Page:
Bad mentors give off an air of lording it over their pupil, as if they are the source of all knowledge, and that the student would do well to accept everything they say. The bad mentor will often say ‘yes, but…’, even when the one who wants to grow has entered into the first stage of discovery. If the developing coach, pro or administrator questions the conventional wisdom of poorly run program, they will be redirected away from that issue. A good mentor will also be challenged by their mentee to pursue a still more excellent way of delivering service.


Value the Challenge a Strong Upstart Can Pose


Almost a year ago, I was at a conference, speaking. I had finished my presentation and a challenging question came from the group of coaches. The tone of the questioner was one of disagreement and argumentative to the point I was making about athlete centered coaching. I had to shift from being offended by the challenge, and answered as fully as I could at the moment. I had to stop and say to myself, "Ignore the tone, and listen to the content of the question". It was a valuable moment, because I know that when one person asks a question, many times there are others thinking along the same lines, so it presented me with an opportunity to fill in the information people really wanted. For those who didn’t think of the question, it would help them to understand how to deal with push back from others, should they want to teach what I was teaching. What happened after the talk was also interesting.


I was talking with two veteran coaches, both of whom affirmed that I had ‘put that young in his place’. The tone of which seemed to indicate that I had really showed the younger coach who knows more, I do, and that they should follow my wisdom. I shot back to these coaches saying what I expressed above, and that the younger coach had brought a lot of value to the situation with his question. There was a non-verbal look of acknowledgment, that I was correct in my assessment although we did not talk much further on the topic. This indicates part of the problem in our sports culture, where we often have a ‘you need to pay your dues’ type of attitude. Instead, what is far better is to value all points of view, realize that younger coaches can offer some incredibly valuable insights, some very pure logic and amazing innovation.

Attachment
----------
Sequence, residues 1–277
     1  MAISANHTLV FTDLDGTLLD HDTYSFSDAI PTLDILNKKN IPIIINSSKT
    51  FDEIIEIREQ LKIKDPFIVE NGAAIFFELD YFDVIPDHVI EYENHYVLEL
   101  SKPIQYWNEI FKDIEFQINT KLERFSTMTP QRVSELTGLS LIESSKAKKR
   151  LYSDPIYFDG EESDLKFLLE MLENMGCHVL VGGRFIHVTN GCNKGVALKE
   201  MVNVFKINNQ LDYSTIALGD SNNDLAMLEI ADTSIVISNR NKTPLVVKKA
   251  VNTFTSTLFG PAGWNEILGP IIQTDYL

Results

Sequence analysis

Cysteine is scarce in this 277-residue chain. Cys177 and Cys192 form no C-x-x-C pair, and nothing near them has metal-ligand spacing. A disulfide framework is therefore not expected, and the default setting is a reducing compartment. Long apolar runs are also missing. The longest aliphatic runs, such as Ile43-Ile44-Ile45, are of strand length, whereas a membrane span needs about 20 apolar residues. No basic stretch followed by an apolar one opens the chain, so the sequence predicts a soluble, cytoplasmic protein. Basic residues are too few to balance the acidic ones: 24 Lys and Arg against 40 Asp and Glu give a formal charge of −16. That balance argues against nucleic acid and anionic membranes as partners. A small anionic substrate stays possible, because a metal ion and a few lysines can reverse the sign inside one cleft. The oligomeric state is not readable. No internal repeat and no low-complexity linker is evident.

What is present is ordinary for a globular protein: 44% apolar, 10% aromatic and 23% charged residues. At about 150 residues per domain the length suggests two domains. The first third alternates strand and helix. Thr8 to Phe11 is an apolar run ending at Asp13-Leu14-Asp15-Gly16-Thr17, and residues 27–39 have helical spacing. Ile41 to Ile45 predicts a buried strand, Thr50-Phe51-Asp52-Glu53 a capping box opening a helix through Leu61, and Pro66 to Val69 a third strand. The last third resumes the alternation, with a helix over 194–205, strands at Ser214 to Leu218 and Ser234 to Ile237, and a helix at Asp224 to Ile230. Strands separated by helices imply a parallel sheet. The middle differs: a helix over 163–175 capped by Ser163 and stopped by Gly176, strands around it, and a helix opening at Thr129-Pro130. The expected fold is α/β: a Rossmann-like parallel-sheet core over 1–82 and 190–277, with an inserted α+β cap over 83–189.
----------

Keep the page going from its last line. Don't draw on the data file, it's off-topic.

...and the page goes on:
The Hidden Hand


In what can be described as a hidden hand guiding all things, this young coach then met up with a friend of mine, Styrling Strother, in another state, and told his story of the interaction. What the young coach did not know, is that Styrling and I are great friends and former business partners, and that I had already told him the story. So, this young coach was amazed when Styrling said “Oh, you are THAT coach!”. As a result, both Styrling and I have struck up a friendship with this guy, and while not an official mentoring relationship, one of collegiality and mutual support. Still later, we met up with him at a major tennis conference, and continued to nurture this new found friendship. I believe this young guy was relieved to meet with me later, finding that I was not at all put off by his question, from nearly a year earlier. A few months later we spent some quality time at another major tennis event, sharing a lot of good information, and doing a great interview telling the story of how we became friends.


Conclusion


In an alternate universe, this young coach would have been left out in the cold, waiting for the time when they could receive acknowledgement by paying their dues, learning to show the proper amount of respect to a superior more knowledgeable and experienced master.


***